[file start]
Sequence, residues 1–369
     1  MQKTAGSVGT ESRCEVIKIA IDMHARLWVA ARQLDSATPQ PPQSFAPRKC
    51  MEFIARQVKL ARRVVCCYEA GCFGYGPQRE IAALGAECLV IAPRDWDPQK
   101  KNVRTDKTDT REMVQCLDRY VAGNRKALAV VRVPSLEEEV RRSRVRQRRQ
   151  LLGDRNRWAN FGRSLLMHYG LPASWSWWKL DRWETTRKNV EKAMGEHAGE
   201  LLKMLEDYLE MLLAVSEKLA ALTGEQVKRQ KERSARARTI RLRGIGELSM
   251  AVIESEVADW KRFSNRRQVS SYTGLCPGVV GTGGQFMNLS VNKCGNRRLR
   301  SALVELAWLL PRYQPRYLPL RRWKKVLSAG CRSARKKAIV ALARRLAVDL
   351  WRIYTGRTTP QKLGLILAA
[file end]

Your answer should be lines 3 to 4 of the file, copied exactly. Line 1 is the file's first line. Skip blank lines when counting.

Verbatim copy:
    51  MEFIARQVKL ARRVVCCYEA GCFGYGPQRE IAALGAECLV IAPRDWDPQK
   101  KNVRTDKTDT REMVQCLDRY VAGNRKALAV VRVPSLEEEV RRSRVRQRRQ